By Jimmy Hyams
Ryan Hagenow is a fantastic pitcher for Farragut High School.
He’s so good, he was invited to participate in the Perfect Game All-Star game in San Diego on Aug. 11.
What a great experience for the rising senior.
One problem: TSSAA rules don’t allow Hagenow to play in the prestigious contest.
Another problem: The rule is antiquated.
Hagenow can’t play because Farragut begins school Aug. 5. The All-Star game is Aug. 11. TSSAA rules say an athlete can’t participate in an all-star game after school starts.
Yet, a player from a Nashville area school can play since his school doesn’t start until after Aug. 11. The rule is designed to prevent athletes from missing school.
One more problem: Hagenow can attend and practice and enjoy all activities provided in San Diego, but he can’t play in the game.
“Good question,’’ said Jody Wright, athletic director at Fulton High School and a member of the TSSAA Board of Control. “Somebody needs to explain that to me.’’
There is no reasonable explanation.
The TSSAA needs to change the rule – now.
The rule can be changed by a school simply making a proposal and getting enough support. The TSSAA legislative counsel meets in December.
“It’s rarely not changed if it has majority support,’’ Wright said of a proposal.
Wright said if you polled the board, “I don’t know if you’d get enough support to keep the rule.’’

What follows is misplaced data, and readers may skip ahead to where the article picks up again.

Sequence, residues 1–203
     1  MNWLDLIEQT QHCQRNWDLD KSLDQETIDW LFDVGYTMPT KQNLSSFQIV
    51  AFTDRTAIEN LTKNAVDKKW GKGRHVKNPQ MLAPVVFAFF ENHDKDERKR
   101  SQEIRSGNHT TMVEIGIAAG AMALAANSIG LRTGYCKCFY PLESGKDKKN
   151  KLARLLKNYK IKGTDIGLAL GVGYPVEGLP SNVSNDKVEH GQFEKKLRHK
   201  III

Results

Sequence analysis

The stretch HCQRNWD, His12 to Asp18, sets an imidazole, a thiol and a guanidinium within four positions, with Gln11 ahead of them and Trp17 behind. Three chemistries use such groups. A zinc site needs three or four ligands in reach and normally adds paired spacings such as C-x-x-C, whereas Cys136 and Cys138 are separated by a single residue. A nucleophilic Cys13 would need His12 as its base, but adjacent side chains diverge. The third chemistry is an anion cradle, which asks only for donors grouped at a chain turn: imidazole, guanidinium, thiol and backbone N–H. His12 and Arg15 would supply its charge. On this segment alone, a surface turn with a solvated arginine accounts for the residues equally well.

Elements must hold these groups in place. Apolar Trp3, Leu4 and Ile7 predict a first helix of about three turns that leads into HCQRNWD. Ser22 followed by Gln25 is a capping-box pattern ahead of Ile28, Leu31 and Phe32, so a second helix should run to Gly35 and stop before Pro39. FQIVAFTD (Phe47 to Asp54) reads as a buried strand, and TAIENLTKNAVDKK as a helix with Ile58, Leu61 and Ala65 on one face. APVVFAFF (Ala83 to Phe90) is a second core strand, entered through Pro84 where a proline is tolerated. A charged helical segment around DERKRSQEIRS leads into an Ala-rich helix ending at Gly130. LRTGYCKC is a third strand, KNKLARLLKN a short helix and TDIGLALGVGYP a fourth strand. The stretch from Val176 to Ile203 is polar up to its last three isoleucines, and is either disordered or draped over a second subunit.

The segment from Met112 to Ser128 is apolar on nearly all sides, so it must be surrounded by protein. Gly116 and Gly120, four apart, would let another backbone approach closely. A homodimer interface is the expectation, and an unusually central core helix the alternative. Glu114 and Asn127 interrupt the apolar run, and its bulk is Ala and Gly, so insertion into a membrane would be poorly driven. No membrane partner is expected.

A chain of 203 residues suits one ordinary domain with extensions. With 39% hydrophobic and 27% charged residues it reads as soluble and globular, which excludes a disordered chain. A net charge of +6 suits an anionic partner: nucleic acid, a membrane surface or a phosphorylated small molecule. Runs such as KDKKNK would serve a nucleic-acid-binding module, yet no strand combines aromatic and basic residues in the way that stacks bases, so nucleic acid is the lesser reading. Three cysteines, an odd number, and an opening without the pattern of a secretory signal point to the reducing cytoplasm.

Wright said there have been cases where a third-string tackle from a school has been invited to a football all-star camp, just so organizers can make money off the athlete.
“There are freshmen and sophomores who have been invited to All-American camps who haven’t seen the field, and they’re charged $500 for equipment and expenses,’’ Wright said.
Wright said the policy was enacted not to prohibit but to protect players from getting involved in scam all-star outings.
“I think the intent was the protect student-athletes because there are so many all-star games that are money-makers for organizers,’’ Wright said.
But there are some commendable all-star games that are beneficial and rewarding.
Maybe the TSSAA can identify the legitimate all-star outings and nix those that are not.
Wright has an idea: “To me, if an athlete pays expenses, it’s not legit because someone is making money off them.’’
Wright isn’t sure if the scam camps affect more football or basketball or baseball players. But he does know they exist.
As for one in-state baseball player being able to play in the Perfect Game event and another not, that doesn’t sit well with Weight.
“I have a hard time hanging my hat on that,’’ Wright said. “It should be equally enforced from Bristol to Memphis. … It’s a rule with loopholes.’’
There is a decent chance the rule will be amended, if not overhauled.
“Do I think it needs to be looked at?’’ Wright said. “Yes I do.’’